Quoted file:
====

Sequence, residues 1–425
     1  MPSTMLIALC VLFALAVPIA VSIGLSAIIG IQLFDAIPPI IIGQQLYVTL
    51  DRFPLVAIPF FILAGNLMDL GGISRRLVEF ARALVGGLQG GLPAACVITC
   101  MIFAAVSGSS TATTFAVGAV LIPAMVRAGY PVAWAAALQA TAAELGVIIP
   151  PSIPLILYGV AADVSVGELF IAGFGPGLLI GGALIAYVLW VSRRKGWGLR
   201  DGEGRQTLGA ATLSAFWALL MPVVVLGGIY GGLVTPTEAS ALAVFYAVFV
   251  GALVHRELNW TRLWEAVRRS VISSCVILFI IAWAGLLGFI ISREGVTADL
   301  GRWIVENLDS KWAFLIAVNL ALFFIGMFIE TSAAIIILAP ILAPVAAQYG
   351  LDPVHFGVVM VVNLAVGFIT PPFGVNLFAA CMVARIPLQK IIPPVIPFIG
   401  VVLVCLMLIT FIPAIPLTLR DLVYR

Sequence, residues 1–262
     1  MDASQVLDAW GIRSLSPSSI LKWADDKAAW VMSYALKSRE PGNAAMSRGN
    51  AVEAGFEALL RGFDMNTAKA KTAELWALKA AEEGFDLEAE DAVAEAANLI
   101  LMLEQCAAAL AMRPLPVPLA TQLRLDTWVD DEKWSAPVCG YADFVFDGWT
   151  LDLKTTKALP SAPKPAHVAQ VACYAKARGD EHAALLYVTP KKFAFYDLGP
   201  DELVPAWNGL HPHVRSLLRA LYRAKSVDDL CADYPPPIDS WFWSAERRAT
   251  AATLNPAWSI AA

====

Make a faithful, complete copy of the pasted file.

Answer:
Sequence, residues 1–425
     1  MPSTMLIALC VLFALAVPIA VSIGLSAIIG IQLFDAIPPI IIGQQLYVTL
    51  DRFPLVAIPF FILAGNLMDL GGISRRLVEF ARALVGGLQG GLPAACVITC
   101  MIFAAVSGSS TATTFAVGAV LIPAMVRAGY PVAWAAALQA TAAELGVIIP
   151  PSIPLILYGV AADVSVGELF IAGFGPGLLI GGALIAYVLW VSRRKGWGLR
   201  DGEGRQTLGA ATLSAFWALL MPVVVLGGIY GGLVTPTEAS ALAVFYAVFV
   251  GALVHRELNW TRLWEAVRRS VISSCVILFI IAWAGLLGFI ISREGVTADL
   301  GRWIVENLDS KWAFLIAVNL ALFFIGMFIE TSAAIIILAP ILAPVAAQYG
   351  LDPVHFGVVM VVNLAVGFIT PPFGVNLFAA CMVARIPLQK IIPPVIPFIG
   401  VVLVCLMLIT FIPAIPLTLR DLVYR

Sequence, residues 1–262
     1  MDASQVLDAW GIRSLSPSSI LKWADDKAAW VMSYALKSRE PGNAAMSRGN
    51  AVEAGFEALL RGFDMNTAKA KTAELWALKA AEEGFDLEAE DAVAEAANLI
   101  LMLEQCAAAL AMRPLPVPLA TQLRLDTWVD DEKWSAPVCG YADFVFDGWT
   151  LDLKTTKALP SAPKPAHVAQ VACYAKARGD EHAALLYVTP KKFAFYDLGP
   201  DELVPAWNGL HPHVRSLLRA LYRAKSVDDL CADYPPPIDS WFWSAERRAT
   251  AATLNPAWSI AA